Allow sometime for the employees to be themselves, just create an environment where new thoughts are received and channelled and the rest will follow. Respect the thinking powers that nature has bestowed upon all of us.

Deadly Sins of Innovation Leaders

Jeff DeGraff in his MIX article Seven Deadly Sins of Innovation Leaders mentions 7 sins and their redemption for Innovation leaders. Here is the summary of those:

  1. You thin you can see the future – Really can you? So make small but wider bets on new things
  2. Market economics makes you choose big over fast – too risky. Evaluate the pace at which you can move and choose your new bets accordingly.
  3. Mistaking managers for Innovators , instead encourage and support your deviants – New ideas come from people who interact with the world, who can see things differently and who question the status quo – and more often than not they are not supported or encouraged in the organization.
  4. Having more ambition than Capability – Obviously he suggests that you should base your capability on your capacity. This may seem simple, but many organization fail to estimate their physical and intellectual capability to do new things.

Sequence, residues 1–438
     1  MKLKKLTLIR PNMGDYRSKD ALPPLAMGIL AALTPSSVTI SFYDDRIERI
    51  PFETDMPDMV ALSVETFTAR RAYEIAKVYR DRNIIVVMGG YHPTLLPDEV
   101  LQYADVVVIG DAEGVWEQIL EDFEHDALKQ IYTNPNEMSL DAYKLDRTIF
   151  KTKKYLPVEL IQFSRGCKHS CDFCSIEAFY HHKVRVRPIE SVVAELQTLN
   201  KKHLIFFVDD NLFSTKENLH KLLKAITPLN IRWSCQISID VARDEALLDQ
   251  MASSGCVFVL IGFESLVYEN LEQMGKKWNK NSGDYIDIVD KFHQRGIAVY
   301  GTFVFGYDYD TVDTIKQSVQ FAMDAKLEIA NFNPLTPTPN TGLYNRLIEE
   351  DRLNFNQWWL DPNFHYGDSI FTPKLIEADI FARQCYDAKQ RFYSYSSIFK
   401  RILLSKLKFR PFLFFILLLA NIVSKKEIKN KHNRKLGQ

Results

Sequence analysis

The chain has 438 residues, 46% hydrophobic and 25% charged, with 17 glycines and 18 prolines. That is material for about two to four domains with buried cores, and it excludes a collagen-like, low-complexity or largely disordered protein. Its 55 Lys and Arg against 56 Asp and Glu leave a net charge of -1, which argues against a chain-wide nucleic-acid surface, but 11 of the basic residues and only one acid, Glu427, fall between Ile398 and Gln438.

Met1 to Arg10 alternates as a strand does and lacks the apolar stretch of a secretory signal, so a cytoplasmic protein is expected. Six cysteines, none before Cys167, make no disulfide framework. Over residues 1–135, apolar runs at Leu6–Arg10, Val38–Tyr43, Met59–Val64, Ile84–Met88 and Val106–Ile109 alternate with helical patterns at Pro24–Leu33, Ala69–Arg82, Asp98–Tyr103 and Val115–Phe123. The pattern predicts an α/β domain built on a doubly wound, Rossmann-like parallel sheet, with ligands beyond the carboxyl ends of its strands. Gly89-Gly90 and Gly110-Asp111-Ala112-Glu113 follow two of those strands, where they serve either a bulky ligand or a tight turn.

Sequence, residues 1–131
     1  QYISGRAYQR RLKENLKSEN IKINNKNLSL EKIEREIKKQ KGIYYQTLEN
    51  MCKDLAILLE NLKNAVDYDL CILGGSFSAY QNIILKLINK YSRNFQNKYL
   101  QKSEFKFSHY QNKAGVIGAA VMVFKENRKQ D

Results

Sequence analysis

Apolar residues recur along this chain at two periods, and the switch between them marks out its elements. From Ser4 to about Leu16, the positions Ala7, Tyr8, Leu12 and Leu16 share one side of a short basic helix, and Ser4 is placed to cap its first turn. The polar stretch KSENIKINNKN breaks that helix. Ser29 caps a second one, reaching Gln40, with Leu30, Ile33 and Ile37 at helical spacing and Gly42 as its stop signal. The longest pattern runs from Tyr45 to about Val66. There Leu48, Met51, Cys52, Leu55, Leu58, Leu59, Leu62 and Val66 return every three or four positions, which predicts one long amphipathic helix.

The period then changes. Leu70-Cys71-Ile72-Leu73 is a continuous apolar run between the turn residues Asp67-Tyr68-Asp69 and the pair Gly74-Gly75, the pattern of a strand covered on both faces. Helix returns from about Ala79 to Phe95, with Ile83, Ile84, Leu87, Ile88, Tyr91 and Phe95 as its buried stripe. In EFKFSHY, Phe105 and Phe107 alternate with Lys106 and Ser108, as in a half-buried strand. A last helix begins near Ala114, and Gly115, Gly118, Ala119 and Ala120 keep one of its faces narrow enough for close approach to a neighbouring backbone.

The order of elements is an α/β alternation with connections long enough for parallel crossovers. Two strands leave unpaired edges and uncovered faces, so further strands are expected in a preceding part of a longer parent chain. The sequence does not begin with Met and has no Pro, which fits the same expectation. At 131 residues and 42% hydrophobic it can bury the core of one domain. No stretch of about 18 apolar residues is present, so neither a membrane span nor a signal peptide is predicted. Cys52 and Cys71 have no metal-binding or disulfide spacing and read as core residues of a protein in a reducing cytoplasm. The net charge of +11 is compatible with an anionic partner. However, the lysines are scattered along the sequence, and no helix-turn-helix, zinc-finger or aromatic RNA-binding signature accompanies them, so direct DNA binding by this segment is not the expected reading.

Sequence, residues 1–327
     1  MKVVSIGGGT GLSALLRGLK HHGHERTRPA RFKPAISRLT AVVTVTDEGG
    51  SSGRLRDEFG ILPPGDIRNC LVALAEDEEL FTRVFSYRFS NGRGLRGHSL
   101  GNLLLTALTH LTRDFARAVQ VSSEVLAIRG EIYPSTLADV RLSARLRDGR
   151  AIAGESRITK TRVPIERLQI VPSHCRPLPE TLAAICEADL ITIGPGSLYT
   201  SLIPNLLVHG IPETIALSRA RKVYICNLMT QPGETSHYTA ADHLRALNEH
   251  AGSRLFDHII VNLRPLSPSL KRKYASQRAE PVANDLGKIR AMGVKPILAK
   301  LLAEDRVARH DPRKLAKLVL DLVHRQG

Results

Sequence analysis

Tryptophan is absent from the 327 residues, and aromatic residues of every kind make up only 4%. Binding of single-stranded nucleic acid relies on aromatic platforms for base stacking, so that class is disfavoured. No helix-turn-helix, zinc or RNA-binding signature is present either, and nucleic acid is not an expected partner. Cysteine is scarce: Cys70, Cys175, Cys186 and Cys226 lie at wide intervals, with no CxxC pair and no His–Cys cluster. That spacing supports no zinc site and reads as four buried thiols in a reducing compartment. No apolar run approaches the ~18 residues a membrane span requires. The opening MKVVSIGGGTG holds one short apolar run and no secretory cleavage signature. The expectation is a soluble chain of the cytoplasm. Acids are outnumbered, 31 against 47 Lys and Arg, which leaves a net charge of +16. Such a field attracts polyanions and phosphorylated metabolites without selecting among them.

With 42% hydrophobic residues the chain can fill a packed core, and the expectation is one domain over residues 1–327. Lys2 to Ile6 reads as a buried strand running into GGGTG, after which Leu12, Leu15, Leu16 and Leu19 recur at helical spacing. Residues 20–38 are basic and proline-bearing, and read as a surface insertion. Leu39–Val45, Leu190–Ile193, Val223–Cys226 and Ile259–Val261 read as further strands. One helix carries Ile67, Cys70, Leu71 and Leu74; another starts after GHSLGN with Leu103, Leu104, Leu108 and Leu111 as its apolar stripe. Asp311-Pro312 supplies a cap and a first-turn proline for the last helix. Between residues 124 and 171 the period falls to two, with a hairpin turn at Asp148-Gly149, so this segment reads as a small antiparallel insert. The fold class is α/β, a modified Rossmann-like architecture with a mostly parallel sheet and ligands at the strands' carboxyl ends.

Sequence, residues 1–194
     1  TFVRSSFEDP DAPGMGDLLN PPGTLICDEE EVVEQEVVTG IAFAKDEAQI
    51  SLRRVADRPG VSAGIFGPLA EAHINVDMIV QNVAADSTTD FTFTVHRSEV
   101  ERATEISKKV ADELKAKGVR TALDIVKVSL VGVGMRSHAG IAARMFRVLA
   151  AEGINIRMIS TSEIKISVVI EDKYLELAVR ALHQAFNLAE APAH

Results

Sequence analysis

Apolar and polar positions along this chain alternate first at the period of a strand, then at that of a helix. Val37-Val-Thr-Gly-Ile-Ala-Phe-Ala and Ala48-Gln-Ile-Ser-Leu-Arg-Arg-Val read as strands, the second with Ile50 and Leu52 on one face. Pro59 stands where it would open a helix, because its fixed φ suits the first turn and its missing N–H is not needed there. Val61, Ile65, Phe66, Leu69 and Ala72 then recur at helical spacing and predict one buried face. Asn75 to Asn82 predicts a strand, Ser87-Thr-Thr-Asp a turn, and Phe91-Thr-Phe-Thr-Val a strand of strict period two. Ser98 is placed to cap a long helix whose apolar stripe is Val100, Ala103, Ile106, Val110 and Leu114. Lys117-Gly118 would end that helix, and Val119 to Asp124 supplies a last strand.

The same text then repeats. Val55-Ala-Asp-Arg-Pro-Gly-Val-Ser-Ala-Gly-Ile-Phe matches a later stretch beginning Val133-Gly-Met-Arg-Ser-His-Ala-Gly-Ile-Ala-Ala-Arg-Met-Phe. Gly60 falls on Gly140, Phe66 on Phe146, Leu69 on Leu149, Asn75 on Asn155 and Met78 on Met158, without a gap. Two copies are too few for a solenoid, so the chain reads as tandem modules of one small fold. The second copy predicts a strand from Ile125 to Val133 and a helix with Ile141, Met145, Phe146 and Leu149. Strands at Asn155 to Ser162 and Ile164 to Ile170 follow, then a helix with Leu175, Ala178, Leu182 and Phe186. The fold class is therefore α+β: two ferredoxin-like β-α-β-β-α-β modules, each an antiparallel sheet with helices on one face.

5. Starting at the center and then moving out – Rather start from the fringes and merge the successful experiments to your core – this will ensure that your core is always strong. Meddling with the core may not yield results always – though you will always find examples where it has worked.
  6. Listening to Wrong Customers- Now how do you know which customers are right and you should go to them – A simple tip – Listen to customers that move first – First movers in their space will also force you to move first in servicing them and coming up with new solutions for the industry you serve.
  7. Failing to connect the Dots – This is a BIG sin and it comes very naturally to companies as there key teams work in silos and hardly know about each other’s work. Leaders are also too attached to their own teams and area of work. To be successful in new things you must work across the organization and that means you must free yourself of your attachments, and develop the ability to see bigger things.

I think this is a brilliant synthesis of what goes wrong with Innovation initiatives at organizations. The third one is particularly interesting because most leaders tend to expect innovation results from their operational best performers, forgetting that best operational guys and best innovators have a different DNA.

Innovation is a Belief